Monday, 18 April 2011


The approach to Cartagena takes us through a narrow channel between fortifications built on small islands, and we can see its skyscrapers from quite far out. It looks like a larger and more prosperous place than we have been used to recently. The pier is too short for our ship so the stern line gets passed to a guy in a dinghy who passes it to a chap on a concrete platform to secure.

We have decided to explore independently today but it doesn't start well. It's a long way to the port exit and we don't notice the courtesy bus until we've walked it. But finally Alex sets foot on his sixth continent. We set off on foot and are beseiged by taxi drivers and guides touting for business. One of them kindly points us in the direction of the old town.

It's so hot, especially by the port where there are many heavy lorries, but the traffic thins as we enter a residential area. There are some pretty big houses here, in an attractive villa style, many with gardens around them.

Above, builders dangle precariously on suspended platforms painting newly built blocks of flats.

It takes more than an hour to reach the old town, passing the fort on the way, and we approach via a bridge where fishermen appear to be walking on water. There's a bar on top of the city wall but it's closed, so we walk around the corner to another bar. The prices are in pesos which makes them look expensive as there are 1820 to the dollar. The bar, bizarrely, has a German theme, complete with wall-mounted lederhosen but it feels like we are well off the tourist track. I have ever enjoyed a beer so much.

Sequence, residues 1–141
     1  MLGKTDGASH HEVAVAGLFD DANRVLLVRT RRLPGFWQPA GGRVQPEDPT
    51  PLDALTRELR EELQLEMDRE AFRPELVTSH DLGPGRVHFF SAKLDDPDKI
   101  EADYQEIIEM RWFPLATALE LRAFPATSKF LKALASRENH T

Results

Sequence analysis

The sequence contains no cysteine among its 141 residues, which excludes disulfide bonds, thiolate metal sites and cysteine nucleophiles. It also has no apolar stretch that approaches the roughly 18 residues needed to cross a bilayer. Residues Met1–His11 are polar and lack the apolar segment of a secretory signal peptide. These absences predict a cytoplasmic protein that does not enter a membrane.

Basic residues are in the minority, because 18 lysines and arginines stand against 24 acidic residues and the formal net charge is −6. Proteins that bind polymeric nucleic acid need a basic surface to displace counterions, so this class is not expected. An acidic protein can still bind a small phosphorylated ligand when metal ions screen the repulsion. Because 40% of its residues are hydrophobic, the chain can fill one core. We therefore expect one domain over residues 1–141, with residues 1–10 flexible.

Suitably refreshed, we continue following the walls of the old town, along Arsenal Street and past the junction with Gethsemane. At the conference centre we turn towards the centre. The city has a really good atmosphere; it's modern and prosperous but has kept its character. We found a university centred around a beautiful shady courtyard and then found ourselves in an open space with statues and a park to the right.

Ahead of us was the gate to the inner fortifications that have been declared a World Heritage Site by Unesco. In here the streets become narrower and there are more people. We work our way to the cathedral, where there are street vendors and beggars as well as a colourful lady with a basket of fruit on her head. We head deeper into the citadel in search of lunch.

We find a restaurant tucked away down one of the little streets and order lunch. It takes ages to arrive and we begin to worry about running out of time. At least it has wifi so we catch up on emails and facebook.  We pay up and set off for the citadel, across a different bridge, past a broken pipeline and a slum. It's quite a climb to the top, it costs to go in and we're hot and tired, so we decide to admire it from the outside and then get a taxi back to the port. It has yellow fur on the dashboard.

There's a smart souvenir shop at the port with a parrot exhibit next door, so the boys take a look while I shop. Then we go back to the Equinox for a well-earned swim before dinner.

No comments:

Post a Comment